Perspective | The Louis Gossett Jr. I knew


After graduating from college in 1976, I moved back to my native Columbus, Ohio. I took typing jobs and temp jobs, living with my grandparents, lolling about town with a degree in my back pocket, unworried about the days ahead. I’d find a steady gig soon enough. Anyway, there was a recession going on.

Then, in January of 1977, a kind of slow-burning whiplash struck the nation. A TV miniseries, “Roots,” adapted from Alex Haley’s best-selling book, premiered on nightly television. Haley had traced his Black family’s roots, going all the way back to Africa and their wrenching voyage to America. It seemed everyone in the country was glued to the show. Black viewers cried; some reportedly needed therapy because the show was so real and raw. And White audiences started talking about Black people — and slavery — as never before.

My family was fascinated with Fiddler, the cagey slave in “Roots” played by Louis Gossett Jr., who died Friday at 87. Gossett was of that small group of Black actors who came on the scene in the 1960s and managed to endure, going from theater to TV to motion pictures. He received an Oscar for playing a drill sergeant in “An Officer and a Gentleman.” He was also my cousin.

My grandfather, Julius Haygood, and Eddie Bee Ray, were brother and sister. Eddie Bee had a daughter, Helen, who was Lou’s mother. My Aunt Bertha spoke to me on the phone after hearing of Lou’s passing and shared stories about the two of them playing together as children in Georgia. Although raised in Brooklyn, Gossett often visited family down South. “I remember one time we were near a wasp nest. Lou said to me, ‘Why don’t the wasps ever get you?’ I told him I could outrun them. He said he could outrun them, too. Well, they came after us. And they got only him.” She laughed at the memory.

Lou, who had a career on Broadway before turning to screens large and small, inspired me to try acting. And soon there I was, drifting — as so many actors love to say — into community theater. There was a tiny role in “To Kill a Mockingbird.” And later larger roles, in a Neil Simon play, in a Lonnie Elder play. I got some decent reviews. I started watching Brando movies. And then came the plea from family members: “Get with Cousin Lou, dammit! He’s family!” California seemed a long way from Columbus. I went to New York City instead. I’d enter the world of acting from the East Coast! Then maybe I’d connect with Lou. In New York City I flopped, and I wound up in retailing.

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But every time Lou appeared in a TV movie or motion picture, I’d make an effort to catch it. There were many movies, “A Raisin in the Sun,” “The Landlord,” “Travels With My Aunt,” “The River Niger” and “The Deep” among them. A brother and stepbrother of mine went to L.A. Lou, bless him, gave them temporary accommodations. After my retailing career crashed, I found my career in journalism and book writing.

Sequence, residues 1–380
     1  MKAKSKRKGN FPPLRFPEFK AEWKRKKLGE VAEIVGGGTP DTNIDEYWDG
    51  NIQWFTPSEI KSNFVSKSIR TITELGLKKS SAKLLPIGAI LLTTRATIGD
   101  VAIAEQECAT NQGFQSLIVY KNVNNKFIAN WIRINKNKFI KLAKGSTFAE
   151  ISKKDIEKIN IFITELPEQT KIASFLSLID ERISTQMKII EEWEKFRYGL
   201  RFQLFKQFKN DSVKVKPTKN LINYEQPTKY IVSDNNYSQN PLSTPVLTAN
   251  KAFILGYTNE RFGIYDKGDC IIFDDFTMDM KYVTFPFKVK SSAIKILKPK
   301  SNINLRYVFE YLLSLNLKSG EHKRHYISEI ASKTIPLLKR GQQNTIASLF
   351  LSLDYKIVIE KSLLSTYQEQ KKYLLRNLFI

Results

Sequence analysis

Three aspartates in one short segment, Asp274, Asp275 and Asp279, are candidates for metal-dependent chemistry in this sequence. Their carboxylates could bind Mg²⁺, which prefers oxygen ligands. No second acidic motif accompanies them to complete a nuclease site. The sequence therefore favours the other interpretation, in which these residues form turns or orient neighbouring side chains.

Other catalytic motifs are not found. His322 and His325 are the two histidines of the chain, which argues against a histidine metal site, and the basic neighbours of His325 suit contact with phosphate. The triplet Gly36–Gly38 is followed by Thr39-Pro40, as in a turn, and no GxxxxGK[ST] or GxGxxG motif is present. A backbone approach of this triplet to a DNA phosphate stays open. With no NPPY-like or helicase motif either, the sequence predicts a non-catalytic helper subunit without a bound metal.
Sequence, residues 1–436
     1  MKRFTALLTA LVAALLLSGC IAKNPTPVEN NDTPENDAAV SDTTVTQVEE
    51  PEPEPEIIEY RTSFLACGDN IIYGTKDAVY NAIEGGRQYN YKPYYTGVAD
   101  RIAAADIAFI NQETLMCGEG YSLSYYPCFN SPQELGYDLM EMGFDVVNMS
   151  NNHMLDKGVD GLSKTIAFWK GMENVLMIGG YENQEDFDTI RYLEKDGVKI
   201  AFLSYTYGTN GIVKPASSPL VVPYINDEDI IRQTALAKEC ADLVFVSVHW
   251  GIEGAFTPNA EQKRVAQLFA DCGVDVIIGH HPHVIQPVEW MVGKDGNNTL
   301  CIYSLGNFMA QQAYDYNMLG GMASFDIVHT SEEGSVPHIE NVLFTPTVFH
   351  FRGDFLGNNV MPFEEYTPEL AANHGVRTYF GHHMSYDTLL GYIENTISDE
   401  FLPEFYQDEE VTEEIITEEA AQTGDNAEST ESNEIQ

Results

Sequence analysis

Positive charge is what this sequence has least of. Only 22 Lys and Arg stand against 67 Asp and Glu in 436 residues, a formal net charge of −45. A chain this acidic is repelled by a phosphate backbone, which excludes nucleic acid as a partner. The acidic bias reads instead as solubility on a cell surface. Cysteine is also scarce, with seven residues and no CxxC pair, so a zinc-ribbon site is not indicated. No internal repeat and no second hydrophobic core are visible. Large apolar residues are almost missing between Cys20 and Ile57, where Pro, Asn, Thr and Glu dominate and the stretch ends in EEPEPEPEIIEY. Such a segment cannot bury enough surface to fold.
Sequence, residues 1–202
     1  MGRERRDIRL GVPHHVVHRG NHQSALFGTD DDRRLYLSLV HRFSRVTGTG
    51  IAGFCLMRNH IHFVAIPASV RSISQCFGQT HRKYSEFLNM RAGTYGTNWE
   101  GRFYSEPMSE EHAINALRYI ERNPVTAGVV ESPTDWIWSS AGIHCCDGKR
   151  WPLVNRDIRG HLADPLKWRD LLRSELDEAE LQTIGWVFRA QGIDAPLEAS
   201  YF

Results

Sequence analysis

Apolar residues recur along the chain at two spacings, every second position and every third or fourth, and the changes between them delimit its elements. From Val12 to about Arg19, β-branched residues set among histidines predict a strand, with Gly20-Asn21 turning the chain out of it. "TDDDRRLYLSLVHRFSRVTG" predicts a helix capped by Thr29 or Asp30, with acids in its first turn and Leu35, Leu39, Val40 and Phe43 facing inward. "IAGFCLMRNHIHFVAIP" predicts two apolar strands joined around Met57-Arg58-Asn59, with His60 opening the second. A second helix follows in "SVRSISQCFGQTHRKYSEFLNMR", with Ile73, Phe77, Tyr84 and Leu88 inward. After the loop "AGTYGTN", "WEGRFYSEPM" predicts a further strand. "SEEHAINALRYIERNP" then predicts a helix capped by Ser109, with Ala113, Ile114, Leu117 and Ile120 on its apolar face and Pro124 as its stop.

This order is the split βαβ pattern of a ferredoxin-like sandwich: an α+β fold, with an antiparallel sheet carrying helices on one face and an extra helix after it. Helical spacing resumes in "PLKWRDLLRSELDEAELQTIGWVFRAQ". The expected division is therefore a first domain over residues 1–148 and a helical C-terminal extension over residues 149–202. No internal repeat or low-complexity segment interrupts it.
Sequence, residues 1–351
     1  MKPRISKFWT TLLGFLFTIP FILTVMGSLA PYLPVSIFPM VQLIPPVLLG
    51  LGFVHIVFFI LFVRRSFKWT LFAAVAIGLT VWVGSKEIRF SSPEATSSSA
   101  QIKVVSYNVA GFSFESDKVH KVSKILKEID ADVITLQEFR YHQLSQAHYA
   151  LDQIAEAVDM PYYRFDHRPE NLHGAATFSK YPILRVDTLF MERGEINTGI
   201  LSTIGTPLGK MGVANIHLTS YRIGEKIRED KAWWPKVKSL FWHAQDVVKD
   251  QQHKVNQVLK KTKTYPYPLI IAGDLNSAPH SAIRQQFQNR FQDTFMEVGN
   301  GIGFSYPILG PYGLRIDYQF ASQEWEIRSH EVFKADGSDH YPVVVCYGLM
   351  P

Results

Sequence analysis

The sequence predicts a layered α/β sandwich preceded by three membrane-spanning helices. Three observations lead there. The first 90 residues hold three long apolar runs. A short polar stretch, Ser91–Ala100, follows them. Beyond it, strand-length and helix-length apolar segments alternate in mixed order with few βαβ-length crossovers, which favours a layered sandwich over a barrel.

Through the years I had exchanged a couple notes with Lou, sending him some of my books. When I started working on one about the history of Blacks in Hollywood, I knew I wanted to go visit Lou. Aunt Bertha gave me his phone number. “Hey, cuz,” he said when I reached him, “How you be?” No formality at all. I told him about my book project. “I lived it,” he said. He had relocated from California to Georgia and lived a little more than 20 miles outside of Atlanta. I asked him to recommend a hotel. “I’m in the woods. You’ll stay at my place.”

It was 2020 when I traveled to meet him. It was indeed a house in the woods, but quite huge, and the first I had ever been in with a swimming pool. He suggested a swim. I begged off. We got Aunt Bertha on the phone. They reminisced about the wasp attack. Later, after he napped, his stories started to spill out: “I was in this play, and every night I had to talk rudely to the character playing my mother. Well, my own mother had come to the play one night. She came back stage and walked up to me and slapped me. Hard. She then said, ‘Don’t you ever talk to a lady that way again!’”

He talked about James Edwards and Billy Dee Williams and Harry Belafonte and Eartha Kitt and Sidney Poitier. He talked about traveling to Europe in the 1970s and being treated with the kind of respect he rarely got in America. He talked about “A Raisin in the Sun,” which he was in on Broadway and in the movie version. “Sidney and Claudia and Ruby fought about who the play was really about,” he said of his fellow cast members. “They wanted to outdo one another.” He talked about the nightclubs the Black actors would congregate at in that world of 1960s Hollywood, which could be so cold for Black artists. He talked about hanging out with Jimmy Dean and John Cassavetes. He talked about “Roots”: “It was very special and I just had to do it.” He complimented the liberals of Hollywood, whom he said stood up for Black actors: “Those guys — Lew Wasserman, Orson Welles, Tallulah Bankhead — fought for us.”

One evening we sat in an Atlanta restaurant having dinner. On the way back to his home, we passed the studio where he had been rehearsing the movie musical version of “The Color Purple,” which would be released in 2023. We stopped at a store. It was a soft Georgia night. And I watched him walk out with a cool and jazzy strut, like he was ready to take on Hollywood once again.

Wil Haygood, a former Post reporter, is visiting scholar at Miami University in Ohio. His latest book is “Colorization: One Hundred Years of Black Films in a White World.”


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